Prolonged hospitalization > 28 days (86.7%), history of ICU stay (76.7%), and mechanical ventilation (76.7%) were frequently observed when we evaluated the clinical characteristics of our study population. In addition, the median Charlson comorbidity index score, prolonged hospitalization, total duration of previous antibiotic use, prior ICU stay, mechanical ventilation, hemodialysis, and a tracheostomy were observed at higher rates in non-survivors than those of survivors, despite the lack of statistical significance in some variables. These findings suggest that severe underlying illnesses and comorbidities that predispose patients to prolonged hospitalization could be risk factors for E. meningoseptica infection. However, the possibility that the high rate of all-cause mortality might be more affected by a patient’s condition rather than the E. meningoseptica infection itself, indicating that the infection is just a sign of overall poor health, cannot be excluded completely.
No consensus has been reached about the drug of choice for treating patients with an E. meningoseptica infection because of the lack of interpretive MIC breakpoints and the rarity of studies that have evaluated the clinical response of antibiotics against the organism. Minocycline, ciprofloxacin, trimethoprim/sulfamethoxazole, rifampin, and new respiratory fluoroquinolones, such as levofloxacin, gatifloxacin, and piperacillin/tazobactam, have been suggested for treating E. meningoseptica based on in vitro susceptibility results.[1,3,8,10,18] Markedly discrepant results between the disc diffusion and broth microdilution methods for vancomycin using staphylococcal breakpoints has also been reported even though E. meningoseptica has been reported to be susceptible to antibiotics effective against Gram-positive cocci.[26] These finding suggest unreliability of the disc diffusion method for determining E. meningoseptica antimicrobial susceptibility. As a consequence, vancomycin and other antibiotics against Gram positive cocci, including teicoplanin, linezolid, and quinupristin-dalfopristin are not recommended to treat this organism, except rifampin. [3,26] A few reports have presented cases of E. meningoseptica infection that only responded to a combined antibiotic treatment, including piperacillin/tazobactam plus rifampin, vancomycin plus rifampin, or fluoroquinolone combined with vancomycin plus rifampin.[5,27-30] Thus, the role of vancomycin as a combination agent with other antibiotics has not been fully determined.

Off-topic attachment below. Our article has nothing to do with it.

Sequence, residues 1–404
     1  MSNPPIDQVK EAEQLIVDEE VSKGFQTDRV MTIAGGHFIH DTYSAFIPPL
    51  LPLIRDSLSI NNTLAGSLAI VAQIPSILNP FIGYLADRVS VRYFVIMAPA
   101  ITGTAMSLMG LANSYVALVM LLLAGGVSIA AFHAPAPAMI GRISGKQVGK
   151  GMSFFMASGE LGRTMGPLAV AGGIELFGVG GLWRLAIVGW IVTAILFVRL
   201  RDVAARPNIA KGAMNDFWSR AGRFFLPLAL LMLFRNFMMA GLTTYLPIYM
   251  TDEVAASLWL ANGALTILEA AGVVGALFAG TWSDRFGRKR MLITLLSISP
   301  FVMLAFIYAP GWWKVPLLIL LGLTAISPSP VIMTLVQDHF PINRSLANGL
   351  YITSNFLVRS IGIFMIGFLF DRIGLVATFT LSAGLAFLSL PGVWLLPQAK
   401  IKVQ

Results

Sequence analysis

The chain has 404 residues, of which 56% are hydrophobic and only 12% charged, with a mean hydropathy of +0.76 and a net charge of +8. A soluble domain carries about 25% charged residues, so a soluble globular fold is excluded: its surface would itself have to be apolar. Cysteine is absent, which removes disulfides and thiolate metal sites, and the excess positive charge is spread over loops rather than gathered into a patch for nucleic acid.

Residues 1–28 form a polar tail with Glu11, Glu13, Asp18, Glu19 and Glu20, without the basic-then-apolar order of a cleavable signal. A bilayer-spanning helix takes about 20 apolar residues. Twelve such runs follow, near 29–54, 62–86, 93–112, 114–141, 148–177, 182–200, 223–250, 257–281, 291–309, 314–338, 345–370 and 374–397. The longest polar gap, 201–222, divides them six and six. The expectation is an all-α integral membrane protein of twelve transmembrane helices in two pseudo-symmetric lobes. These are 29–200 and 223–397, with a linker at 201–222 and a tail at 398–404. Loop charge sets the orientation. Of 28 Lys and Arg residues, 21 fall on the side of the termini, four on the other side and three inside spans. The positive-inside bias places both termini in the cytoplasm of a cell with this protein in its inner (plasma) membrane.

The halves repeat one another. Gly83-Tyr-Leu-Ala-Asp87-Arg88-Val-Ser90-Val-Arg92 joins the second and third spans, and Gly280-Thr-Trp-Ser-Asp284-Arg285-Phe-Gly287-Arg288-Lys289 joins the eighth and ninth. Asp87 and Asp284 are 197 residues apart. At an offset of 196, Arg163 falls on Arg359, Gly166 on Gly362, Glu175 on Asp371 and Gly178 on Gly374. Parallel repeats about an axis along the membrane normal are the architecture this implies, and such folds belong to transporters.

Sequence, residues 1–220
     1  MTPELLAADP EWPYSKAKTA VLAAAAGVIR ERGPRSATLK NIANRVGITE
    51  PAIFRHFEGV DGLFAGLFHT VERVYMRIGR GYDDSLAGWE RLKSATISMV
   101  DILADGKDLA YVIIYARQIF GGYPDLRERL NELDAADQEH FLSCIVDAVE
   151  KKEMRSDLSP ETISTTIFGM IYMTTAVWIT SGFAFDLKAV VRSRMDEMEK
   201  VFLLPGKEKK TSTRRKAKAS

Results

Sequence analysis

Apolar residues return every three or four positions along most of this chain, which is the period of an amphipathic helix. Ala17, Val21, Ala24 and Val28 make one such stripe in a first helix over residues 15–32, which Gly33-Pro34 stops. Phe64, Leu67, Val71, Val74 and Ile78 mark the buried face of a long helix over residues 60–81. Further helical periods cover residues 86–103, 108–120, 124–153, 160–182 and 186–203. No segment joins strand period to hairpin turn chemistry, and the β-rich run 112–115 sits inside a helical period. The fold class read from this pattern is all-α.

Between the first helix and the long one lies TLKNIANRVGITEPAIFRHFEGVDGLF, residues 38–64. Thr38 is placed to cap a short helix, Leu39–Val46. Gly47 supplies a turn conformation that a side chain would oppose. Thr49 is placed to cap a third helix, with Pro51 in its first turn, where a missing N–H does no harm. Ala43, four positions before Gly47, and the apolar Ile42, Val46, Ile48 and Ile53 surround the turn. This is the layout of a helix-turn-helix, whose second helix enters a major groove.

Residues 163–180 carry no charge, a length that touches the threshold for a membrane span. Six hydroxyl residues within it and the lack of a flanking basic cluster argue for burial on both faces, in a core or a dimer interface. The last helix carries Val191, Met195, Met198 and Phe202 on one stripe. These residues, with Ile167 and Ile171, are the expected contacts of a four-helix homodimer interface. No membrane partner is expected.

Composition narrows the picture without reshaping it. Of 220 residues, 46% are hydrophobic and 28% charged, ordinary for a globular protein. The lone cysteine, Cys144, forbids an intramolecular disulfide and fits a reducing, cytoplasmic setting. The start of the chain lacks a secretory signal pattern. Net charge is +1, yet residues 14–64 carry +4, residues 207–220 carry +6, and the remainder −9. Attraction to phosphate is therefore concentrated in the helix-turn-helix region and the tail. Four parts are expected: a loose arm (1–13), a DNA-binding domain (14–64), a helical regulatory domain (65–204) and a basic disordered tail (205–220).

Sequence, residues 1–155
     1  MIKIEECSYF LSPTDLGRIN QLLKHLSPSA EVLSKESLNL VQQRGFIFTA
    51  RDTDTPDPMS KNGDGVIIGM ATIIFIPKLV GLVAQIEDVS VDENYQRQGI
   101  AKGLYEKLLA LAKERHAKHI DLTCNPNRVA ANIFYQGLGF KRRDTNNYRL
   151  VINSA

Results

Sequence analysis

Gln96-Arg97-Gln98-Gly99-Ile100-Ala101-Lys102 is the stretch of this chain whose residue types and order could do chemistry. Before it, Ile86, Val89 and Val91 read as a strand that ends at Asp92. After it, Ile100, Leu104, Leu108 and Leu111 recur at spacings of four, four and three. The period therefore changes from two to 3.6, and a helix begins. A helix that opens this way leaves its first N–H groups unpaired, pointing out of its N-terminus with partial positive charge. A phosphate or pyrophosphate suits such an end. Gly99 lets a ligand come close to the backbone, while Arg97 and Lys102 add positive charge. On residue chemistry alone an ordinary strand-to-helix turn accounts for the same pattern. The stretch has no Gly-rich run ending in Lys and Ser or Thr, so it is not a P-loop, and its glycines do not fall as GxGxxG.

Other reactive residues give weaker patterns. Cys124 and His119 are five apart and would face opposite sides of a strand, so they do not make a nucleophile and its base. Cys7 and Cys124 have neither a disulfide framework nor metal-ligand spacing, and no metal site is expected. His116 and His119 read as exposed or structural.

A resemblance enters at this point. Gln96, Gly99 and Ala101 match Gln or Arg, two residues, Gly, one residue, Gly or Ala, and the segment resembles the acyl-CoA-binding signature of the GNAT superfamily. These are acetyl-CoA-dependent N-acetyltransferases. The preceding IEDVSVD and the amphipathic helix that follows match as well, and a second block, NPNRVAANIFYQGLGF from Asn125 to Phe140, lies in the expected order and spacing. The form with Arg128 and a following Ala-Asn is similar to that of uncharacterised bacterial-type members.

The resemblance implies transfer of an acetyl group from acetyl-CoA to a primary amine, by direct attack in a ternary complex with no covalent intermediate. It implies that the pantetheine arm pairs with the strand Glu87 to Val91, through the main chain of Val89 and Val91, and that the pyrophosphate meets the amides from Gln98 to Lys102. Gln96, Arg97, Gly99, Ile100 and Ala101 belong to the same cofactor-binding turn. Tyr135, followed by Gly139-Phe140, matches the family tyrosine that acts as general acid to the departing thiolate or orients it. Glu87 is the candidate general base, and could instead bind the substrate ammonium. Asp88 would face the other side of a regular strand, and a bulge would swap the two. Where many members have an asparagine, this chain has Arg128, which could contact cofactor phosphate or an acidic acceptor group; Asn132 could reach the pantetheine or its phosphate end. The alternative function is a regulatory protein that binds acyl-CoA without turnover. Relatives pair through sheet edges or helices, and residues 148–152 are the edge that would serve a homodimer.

According to the SENTRY Antimicrobial Surveillance Program (1997–2001), which was a world-wide study about the susceptibility and resistance patterns of bacterial and fungal pathogens, the susceptibility rates of gatifloxacin and levofloxacin are 95–100% and the rates of trimethoprim/sulfamethoxazole and piperacillin/tazobactam are 79% and 71%, respectively.[3] However, our antimicrobial susceptibility test results only showed a 67% susceptibility rate for levofloxacin, 30% for trimethoprim/sulfamethoxazole, and 20% for piperacillin/tazobactam. This difference is assumed to be the result of widespread empirical use of anti-pseudomonal antibiotics for nosocomial infections and subsequent selection of a resistant strain in our hospital environment. However, the possibility of different antimicrobial susceptibility patterns for this organism in Korea should also be considered.
Even if effective antibiotic use after culture results were available was an independent predictor of 14-day mortality in a Taiwanese study (odds ratio, 0.31; p = 0.049),[7] effective antibiotics were only provided for 12 (40%) patients in this study. Because E. meningoseptica is a strange organism to clinicians, most might think its presence in culture specimens is due to contamination or colonization. They would rather use carbapenems and vancomycin to treat bacterial pneumonia rather than use an antibiotic effective against E. meningoseptica based on culture results. However, appropriate antibiotics trended to be more commonly used in survivors, despite a lack of statistical significance (42.9% vs. 33.3%, p = 0.704) in our study. Considering the high rate of E. meningoseptica-related mortality, if this organism was isolated from specimens of patients with an increased risk of infection, clinicians should pay attention to the disease progression and evaluate the response to current antibiotics, and if possible, consider using effective antibiotics based on culture reports.
This study had several limitations inherent to its retrospective nature. First, the bacterial culture and antimicrobial susceptibility results were obtained by using only MIC standards (µg/mL) of Gram-negative bacilli with an automatic system, and thus, antimicrobial susceptibility results for vancomycin and rifampin were not evaluated in this study. Because all specimens had been discarded, no further evaluations were performed. Second, our definitions to define E. meningoseptica infection were a little arbitrary, such as pneumonia. Third, because our sample size was too small to evaluate treatment outcomes and predictors of poor outcomes, whether E. meningoseptica infection truly affected the mortality rate or not was not clearly defined. Fourth, the data were obtained retrospectively from patients admitted to a single tertiary hospital; thus, the result should not be generalized.